The Vikings visited and consulted with NFL teams that have faced similar stadium moves to learn best practices involved with this type of project. The team also hired Turnstyle Ticketing, who has handled a number of relocations, to help guide the process. From this information and having listened carefully to Season Ticket Members in a variety of forums, the Vikings developed a straightforward and fair relocation process.
The seating configurations at Mall of America Field and TCF are very unique, making the seats not as easily transferable. The major obstacle was the difference in capacity of approximately 12,000 seats between the two venues. However, the Vikings believe the relocation process that was developed is straightforward, fair and equitable.
Yes, all current Season Ticket Members who wish to renew at the University have been accommodated.
No, the seat selection priority at the new Vikings stadium will be based on a fan’s 2013 seat location at Mall of America Field.
Yes, consistent with past renewal procedures, a seat relocation request opportunity exists for TCF Bank Stadium.
No, the new stadium SBL program is independent of the Vikings’ two seasons at the University of Minnesota.
No, current Season Ticket Members at Mall of America Field will receive priority over new fans on a waitlist and the general public. Fans who do make the transition to TCF Bank Stadium should be rewarded, which is why they will receive the first priority within their seating section when selecting seats at the new stadium. However, the Vikings understand and respect that some fans who were Season Ticket Members at Mall of America Field in 2013 will choose not to renew at TCF Bank Stadium and the team certainly will not penalize them for that. The impact on those fans with the new stadium will be extremely minimal; they will still receive seat selection priority over new fans on a waiting list.
The nine ticket price options range from $35-139. Some fans will see an increase in prices and some will see a decrease based on the difference in stadiums and the seat allocation process.
Yes, fans will have an opportunity to purchase seat backs like they do for Gophers games. The Vikings are working through that process as well.
The list of modifications, among other items, includes a hydronic heated field, increased storage space throughout the facility, heating for various areas within the stadium, and concession upgrades in the stadium’s concourses. The Vikings will also install temporary bleachers to accommodate approximately 2,000 additional fans, bringing the total capacity to TCF Bank Stadium above 52,000. Construction is expected to begin at the beginning of March and will be completed in July.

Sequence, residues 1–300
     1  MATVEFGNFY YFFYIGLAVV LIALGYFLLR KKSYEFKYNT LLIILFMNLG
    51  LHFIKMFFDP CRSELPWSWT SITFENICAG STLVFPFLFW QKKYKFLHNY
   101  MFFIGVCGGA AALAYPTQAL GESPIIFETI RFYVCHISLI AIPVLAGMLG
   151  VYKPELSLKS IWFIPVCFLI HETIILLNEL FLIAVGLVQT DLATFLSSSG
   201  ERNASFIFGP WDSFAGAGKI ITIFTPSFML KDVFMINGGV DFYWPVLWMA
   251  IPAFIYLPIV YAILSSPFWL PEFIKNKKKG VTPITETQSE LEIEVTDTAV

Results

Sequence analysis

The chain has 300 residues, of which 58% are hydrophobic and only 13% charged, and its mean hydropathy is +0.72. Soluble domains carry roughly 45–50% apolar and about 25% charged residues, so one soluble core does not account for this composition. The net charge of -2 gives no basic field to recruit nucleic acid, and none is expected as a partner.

The Vikings have initiated conversations with University officials regarding tailgating and will have more information related to that issue later this spring. The Vikings envision tailgating to look similar to what it currently does for Gopher football games.
The Vikings have initiated conversations with University officials regarding the entire parking plan and will have more information related to that issue later this spring.


For information on products and pricing, click here.
Yes, the Vikings have developed a fair system based on Season Ticket Members’ current status and 2013 location at Mall of America Field that ensures Season Ticket Members will have priority for seats at the new stadium. Current Season Ticket Members during the 2013 season at Mall of America Field will receive seat selection priority over new fans on the waiting list for the new stadium.
Minnesota Vikings Season Ticket Members will have the first opportunity to purchase SBLs in the New Minnesota Stadium. Season Ticket Members will begin to receive their invitations to visit the preview center based on their 2013 seating locations in Mall of America Field. For more details, please call 612-33-VIKES to speak with a new stadium representative today or click here for more information.
The Vikings will work to ensure each current Mall of America Field Season Ticket Member is offered an opportunity to purchase seats in a comparable location in the new stadium. Given that the new Vikings stadium will have more seats on the sidelines and more seating options than the current stadium, fans should have an opportunity to select a location that fits their preference and budget.
Yes, fans who are interested in receiving the latest updates throughout construction and/or would like specific information on certain seating types or want to join our Waiting List can click here.
Yes, Vikings Season Ticket Members and others can see, touch, and feel the new stadium at a new stadium Preview Center, which opened in March, 2014. Every Season Ticket Member will have an opportunity to meet face-to-face with a personal sales consultant at the Preview Center to discuss benefits and seating options at the new stadium.